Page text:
Maryland State Archives.  2015 Baltimore City Archives; Burnt District Commission. Maryland State Archives. http://guide.msa.maryland.gov/pages/series.aspx?id=BRG17

Civil War Medicine—Not Just About Treating Battle Injuries


This post, which features a brass syringe found in a privy in Baltimore, anticipates April 2021’s Maryland Archeology Month, with its theme of medical care in archaeology. The syringe was found in a mid-nineteenth century context, corresponding nicely with similarly dated examples in museum collections.


Figure 1.  Clyster syringe from the Metro Shot Tower site (18BC66) in Baltimore.  One of the mid-19th century residents at this site was a physician. 

Known as a clyster, this syringe was not used with a needle. Instead, the cylinder would be filled with medicinal powders, which could be injected into wounds (Dammann 1983).  A standard component in Civil War era physicians’ kits, clysters were also used to treat venereal diseases (NPS n.d.). The term clyster comes from an archaic word meaning “enema” and larger versions of these syringes were used to administer enemas.

As the site of numerous battles during the Civil War, including its deadliest one day battle at Antietam, Maryland was the site of a number of Civil War hospitals. These hospitals ranged from large complexes constructed specifically to serve as medical facilities (Figure 2), to barns, homes and other buildings repurposed as needed. When most readers think of Civil War hospitals, they probably envision treating gunshot wounds and performing amputations as being the most common tasks for these medical professionals. Physicians and nursing staff at these facilities, however, had a wider range of challenges facing them.


Figure 2. Hicks U.S. Genl. Hospital, Baltimore, Md.  Library of Congress.

Deaths from diseases far outnumbered fatalities caused by battle-related injuries. Recent statistical revisions have increased the overall number of war fatalities from 618,000 to 752,000 (Hacker 2011) and some scholars place deaths from diseases as accounting for as many as two thirds of the fatalities (Foote 1958:1040; Dammann 1983). Typhoid, malaria, chronic diarrhea and dysentery (Figure 3), all caused by unsanitary conditions and exposure to disease-carrying insects, were major killers, felling almost 102,000 men (Burns 2021). One of the medical advances made during the Civil War was the use of quinine in treating malaria (Reilly 2016). Many soldiers, particularly from isolated rural areas, encountered childhood diseases like measles and mumps for the first time in the crowded conditions of the camps and trenches (Burns 2021).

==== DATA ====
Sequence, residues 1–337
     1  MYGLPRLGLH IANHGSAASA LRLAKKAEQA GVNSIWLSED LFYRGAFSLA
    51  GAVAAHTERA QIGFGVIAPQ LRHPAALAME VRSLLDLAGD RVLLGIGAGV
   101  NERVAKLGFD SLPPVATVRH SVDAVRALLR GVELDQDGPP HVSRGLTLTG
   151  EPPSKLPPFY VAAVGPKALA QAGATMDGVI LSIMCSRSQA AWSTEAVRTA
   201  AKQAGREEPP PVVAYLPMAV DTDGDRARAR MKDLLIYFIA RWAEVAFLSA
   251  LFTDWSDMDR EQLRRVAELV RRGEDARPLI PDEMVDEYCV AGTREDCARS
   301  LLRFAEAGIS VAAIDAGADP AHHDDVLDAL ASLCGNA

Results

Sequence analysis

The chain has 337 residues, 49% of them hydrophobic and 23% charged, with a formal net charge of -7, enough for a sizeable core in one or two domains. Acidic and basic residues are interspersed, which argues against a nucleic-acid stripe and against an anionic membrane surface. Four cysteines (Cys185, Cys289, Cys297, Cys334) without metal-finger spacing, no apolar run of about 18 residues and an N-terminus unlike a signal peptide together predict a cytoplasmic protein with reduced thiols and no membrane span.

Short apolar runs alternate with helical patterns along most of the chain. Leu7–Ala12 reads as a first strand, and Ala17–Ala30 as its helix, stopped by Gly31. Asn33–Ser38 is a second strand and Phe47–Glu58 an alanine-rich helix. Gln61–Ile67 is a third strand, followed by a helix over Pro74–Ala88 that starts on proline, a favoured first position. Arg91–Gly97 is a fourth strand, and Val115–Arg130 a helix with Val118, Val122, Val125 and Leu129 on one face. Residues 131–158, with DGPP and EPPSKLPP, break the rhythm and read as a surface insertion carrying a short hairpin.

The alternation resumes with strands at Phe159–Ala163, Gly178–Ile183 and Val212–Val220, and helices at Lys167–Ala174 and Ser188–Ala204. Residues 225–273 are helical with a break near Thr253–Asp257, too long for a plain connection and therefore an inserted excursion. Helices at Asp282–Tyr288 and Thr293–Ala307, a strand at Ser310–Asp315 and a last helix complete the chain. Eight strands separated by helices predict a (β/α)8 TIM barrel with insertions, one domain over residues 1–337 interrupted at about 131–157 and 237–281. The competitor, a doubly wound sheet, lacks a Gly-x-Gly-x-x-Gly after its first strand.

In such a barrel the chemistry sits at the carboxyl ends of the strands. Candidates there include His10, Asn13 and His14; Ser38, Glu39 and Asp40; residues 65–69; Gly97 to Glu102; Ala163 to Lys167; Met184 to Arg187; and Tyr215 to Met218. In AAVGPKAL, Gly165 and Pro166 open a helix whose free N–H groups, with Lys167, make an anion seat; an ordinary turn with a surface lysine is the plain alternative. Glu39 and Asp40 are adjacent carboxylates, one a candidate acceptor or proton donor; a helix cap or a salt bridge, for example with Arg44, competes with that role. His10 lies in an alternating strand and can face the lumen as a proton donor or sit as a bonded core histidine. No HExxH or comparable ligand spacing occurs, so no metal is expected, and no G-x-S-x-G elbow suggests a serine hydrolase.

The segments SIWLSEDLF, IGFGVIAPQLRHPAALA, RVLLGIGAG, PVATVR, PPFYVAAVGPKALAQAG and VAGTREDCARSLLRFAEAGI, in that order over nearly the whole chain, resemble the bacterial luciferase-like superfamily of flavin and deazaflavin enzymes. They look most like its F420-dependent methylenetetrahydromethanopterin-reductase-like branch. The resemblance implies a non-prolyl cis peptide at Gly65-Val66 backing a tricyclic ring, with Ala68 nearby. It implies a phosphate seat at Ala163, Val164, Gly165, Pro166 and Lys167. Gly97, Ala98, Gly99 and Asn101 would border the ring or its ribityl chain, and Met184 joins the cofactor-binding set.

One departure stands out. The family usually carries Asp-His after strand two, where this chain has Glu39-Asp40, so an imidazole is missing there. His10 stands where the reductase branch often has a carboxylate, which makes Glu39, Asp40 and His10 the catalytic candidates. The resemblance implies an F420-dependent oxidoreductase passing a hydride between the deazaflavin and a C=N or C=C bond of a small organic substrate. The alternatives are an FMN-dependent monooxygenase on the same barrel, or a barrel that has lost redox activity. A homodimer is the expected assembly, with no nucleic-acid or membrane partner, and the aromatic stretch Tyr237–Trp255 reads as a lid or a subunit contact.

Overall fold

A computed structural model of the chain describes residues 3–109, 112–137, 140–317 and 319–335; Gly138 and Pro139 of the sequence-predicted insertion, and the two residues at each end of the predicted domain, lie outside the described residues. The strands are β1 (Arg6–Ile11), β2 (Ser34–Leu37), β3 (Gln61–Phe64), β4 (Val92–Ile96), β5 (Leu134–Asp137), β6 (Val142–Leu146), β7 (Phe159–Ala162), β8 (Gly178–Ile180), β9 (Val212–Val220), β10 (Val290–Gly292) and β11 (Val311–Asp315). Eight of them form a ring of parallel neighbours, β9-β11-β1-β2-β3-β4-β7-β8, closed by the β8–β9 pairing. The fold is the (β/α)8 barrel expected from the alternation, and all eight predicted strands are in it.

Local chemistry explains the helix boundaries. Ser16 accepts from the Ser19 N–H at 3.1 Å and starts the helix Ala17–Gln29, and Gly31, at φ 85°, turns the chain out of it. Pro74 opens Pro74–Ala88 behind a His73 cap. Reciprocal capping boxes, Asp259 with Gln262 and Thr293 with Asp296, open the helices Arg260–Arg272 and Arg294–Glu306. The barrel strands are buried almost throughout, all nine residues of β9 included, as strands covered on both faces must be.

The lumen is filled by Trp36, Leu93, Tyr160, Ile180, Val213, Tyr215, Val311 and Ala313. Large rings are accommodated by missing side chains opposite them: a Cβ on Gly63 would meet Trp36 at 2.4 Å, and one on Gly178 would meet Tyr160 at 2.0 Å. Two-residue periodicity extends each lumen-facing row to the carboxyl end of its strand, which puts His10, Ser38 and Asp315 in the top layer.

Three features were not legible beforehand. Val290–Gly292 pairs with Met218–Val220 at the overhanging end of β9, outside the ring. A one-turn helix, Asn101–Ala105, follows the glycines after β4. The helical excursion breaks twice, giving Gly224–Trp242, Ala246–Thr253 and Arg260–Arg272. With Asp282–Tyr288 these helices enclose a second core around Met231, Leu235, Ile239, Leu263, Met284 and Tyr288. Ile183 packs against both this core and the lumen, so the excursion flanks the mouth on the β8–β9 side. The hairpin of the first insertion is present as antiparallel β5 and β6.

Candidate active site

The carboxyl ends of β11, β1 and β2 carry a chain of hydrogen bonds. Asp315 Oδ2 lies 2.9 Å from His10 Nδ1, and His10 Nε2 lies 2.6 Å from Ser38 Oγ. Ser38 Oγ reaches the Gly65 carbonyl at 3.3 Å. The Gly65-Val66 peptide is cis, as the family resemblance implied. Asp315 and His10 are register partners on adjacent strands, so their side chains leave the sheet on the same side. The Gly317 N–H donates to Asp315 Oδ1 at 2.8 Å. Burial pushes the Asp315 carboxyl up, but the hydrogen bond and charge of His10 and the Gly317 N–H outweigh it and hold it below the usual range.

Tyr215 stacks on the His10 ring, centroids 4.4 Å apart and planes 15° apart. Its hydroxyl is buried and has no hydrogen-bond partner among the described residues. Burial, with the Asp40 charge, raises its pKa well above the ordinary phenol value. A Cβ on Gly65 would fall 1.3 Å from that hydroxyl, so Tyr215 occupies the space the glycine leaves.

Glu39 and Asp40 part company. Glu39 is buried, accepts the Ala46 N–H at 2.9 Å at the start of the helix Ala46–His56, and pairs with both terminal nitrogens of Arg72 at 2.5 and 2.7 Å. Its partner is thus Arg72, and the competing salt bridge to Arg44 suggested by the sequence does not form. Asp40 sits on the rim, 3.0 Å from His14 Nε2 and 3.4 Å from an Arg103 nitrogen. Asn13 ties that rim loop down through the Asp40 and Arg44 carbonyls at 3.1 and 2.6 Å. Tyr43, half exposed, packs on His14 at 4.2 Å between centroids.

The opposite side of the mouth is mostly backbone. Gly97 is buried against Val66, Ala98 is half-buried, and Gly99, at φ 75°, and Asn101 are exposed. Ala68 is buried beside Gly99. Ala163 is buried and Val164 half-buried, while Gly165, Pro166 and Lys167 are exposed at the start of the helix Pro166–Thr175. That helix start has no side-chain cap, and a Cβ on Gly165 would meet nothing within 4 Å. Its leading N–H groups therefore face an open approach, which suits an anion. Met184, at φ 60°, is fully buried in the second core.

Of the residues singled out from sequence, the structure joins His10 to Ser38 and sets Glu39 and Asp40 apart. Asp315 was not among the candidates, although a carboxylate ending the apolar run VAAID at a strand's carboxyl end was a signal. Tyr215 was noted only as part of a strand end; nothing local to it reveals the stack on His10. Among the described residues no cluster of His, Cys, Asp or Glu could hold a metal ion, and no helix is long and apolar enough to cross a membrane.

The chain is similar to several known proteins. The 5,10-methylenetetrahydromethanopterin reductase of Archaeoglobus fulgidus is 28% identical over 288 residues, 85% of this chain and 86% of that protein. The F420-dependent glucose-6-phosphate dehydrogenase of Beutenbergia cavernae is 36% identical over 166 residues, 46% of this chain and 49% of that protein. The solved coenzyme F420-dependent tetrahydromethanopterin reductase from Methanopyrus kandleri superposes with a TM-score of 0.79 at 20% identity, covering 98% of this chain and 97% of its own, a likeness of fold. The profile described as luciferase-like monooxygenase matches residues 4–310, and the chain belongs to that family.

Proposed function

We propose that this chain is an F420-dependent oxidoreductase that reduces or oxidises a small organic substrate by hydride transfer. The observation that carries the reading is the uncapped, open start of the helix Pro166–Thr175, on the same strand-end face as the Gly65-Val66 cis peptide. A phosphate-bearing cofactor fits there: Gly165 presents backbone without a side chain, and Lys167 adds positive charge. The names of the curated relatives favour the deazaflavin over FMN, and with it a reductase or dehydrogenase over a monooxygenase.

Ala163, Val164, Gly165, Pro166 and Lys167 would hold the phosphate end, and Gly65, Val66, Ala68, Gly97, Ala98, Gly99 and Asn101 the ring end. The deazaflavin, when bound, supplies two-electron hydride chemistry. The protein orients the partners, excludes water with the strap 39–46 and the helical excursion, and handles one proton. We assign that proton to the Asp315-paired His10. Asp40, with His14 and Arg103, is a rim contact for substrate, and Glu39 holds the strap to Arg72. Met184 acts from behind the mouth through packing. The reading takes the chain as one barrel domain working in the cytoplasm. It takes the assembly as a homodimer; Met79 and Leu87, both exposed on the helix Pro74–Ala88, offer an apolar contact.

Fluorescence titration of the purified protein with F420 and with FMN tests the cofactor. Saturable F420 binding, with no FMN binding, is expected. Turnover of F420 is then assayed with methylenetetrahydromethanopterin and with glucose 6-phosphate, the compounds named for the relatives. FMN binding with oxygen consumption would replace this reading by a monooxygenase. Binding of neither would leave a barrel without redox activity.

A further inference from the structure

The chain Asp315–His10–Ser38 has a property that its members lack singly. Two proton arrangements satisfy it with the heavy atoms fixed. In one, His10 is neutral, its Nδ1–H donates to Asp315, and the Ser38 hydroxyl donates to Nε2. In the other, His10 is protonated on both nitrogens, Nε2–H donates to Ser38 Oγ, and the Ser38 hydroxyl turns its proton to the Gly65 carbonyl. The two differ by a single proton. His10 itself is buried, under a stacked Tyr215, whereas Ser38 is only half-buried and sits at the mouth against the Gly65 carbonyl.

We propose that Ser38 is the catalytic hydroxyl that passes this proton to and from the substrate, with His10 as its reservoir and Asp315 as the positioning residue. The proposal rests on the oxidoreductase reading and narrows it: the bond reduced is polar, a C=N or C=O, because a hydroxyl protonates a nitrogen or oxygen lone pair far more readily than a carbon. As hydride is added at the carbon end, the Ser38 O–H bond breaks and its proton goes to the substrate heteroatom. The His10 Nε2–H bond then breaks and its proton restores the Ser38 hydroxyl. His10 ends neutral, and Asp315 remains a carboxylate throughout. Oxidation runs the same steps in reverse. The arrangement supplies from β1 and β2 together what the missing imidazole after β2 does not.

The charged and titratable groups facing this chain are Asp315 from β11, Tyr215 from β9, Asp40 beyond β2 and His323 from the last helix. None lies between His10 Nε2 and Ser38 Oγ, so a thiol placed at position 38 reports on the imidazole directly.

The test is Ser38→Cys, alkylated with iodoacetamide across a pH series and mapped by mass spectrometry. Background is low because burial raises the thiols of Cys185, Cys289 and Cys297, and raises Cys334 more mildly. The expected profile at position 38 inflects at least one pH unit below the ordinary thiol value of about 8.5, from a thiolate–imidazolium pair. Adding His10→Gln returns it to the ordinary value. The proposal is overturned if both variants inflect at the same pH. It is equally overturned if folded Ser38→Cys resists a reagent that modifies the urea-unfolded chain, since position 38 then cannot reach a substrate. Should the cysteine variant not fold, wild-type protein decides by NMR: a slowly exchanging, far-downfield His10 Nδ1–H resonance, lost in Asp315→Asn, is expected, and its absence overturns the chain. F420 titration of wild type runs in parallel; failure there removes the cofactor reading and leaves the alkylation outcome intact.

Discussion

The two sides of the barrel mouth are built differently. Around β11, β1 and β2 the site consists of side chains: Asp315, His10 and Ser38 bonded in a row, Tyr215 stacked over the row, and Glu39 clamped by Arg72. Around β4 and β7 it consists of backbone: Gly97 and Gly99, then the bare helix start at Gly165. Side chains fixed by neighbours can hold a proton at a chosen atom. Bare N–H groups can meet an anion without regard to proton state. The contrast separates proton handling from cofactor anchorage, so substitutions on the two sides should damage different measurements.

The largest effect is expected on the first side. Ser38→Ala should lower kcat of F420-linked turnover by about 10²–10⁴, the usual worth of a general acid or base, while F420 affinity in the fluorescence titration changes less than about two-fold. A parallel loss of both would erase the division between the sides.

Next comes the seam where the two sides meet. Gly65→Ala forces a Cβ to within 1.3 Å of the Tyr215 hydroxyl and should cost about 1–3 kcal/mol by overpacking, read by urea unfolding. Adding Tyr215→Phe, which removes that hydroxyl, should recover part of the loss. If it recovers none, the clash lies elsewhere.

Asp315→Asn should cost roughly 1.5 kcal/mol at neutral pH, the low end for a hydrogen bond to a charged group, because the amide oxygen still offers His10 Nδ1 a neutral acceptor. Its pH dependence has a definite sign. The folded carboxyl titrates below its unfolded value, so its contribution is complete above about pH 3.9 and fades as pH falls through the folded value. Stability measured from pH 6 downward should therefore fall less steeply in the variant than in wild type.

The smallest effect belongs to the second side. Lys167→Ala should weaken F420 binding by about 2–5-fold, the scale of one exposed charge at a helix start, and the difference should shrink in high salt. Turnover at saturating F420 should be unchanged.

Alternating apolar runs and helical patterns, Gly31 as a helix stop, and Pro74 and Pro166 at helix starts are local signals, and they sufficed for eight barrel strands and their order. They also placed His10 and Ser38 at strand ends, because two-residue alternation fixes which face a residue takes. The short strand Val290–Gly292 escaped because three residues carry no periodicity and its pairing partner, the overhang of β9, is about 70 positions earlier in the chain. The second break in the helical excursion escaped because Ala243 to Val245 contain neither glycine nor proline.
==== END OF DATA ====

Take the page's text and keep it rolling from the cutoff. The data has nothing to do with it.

Figure 3. Chronic Dysentery, Aaron Parker, Co D 1st Maine Cavalry.  Stanley B. Burns, MD & The Burns Archive. 

Infections from delayed or improperly cleaned wounds were also a big concern – and development of antimicrobial drugs was still many decades in the future.  Some commonly employed medicines actually caused more harm than good (Reilly 2016).   

In our current public health crisis, many of us have had to practice quarantining as we were either diagnosed with Covid, or were symptomatic.  We can credit Civil War physicians with figuring out the value of isolating patients with communicable diseases; during the war they were able to effectively control yellow fever through the practice of quarantining (Reilly 2016).

The National Museum of Civil War Medicine, located in Frederick, Maryland, is a great place to visit to learn more about medicine and medical practices during this conflict. 

References

Burns, Stanley. 2021.  Diseases.  Behind the Lens:  A History in Pictures.  Mercy Street. Public Broadcasting Service. Website accessed on January 28, 2021 at http://www.pbs.org/mercy-street/uncover-history/behind-lens/disease/#:~:text=Before%20war%20in%20the%20twentieth,was%20probably%20closer%20to%20750%2C000.

Dammann, Gordon.  1983.  Pictorial Encyclopedia of Civil War Medical Instruments and Equipment.  Volume I. Pictorial Histories Publishing Company, Missoula, Montana.

Foote, Shelby. 1958. The Civil War: A Narrative. Vol. 3. New York: Random House,     

Gugliotta, Guy.  2012.  New Estimate Raises Civil War Death Toll.  New York Times, April 2, 2012. Website accessed on January 28, 2021 at https://www.nytimes.com/2012/04/03/science/civil-war-toll-up-by-20-percent-in-new-estimate.html#:~:text=For%20110%20years%2C%20the%20numbers,any%20war%20in%20American%20history.

Hacker JD. 2011. A census-based count of the Civil War dead. Civil War History. 57:307–348.  

National Park Service. Syringes.  Vicksburg National Military Park. Museum Management Program. Website accessed on January 28, 2021 at https://www.nps.gov/museum/exhibits/vick/LifeAboard/medicalEquipment/VICK1147_1146_1148_450_451_1145_syringe.html

Reilly, Robert F. 2016.  Medical and surgical care during the American Civil War, 1861–1865. Proc (Bayl Univ Med Cent). 2016 Apr; 29(2): 138–142. https://www.ncbi.nlm.nih.gov/pmc/articles/PMC4790547/#B2

E. Sasche & Co. 1864. Hicks U.S. Genl. Hospital, Baltimore, Md. / Wm. Q. Caldwell, Jun. architect.  E. Sachse & Co., Baltimore.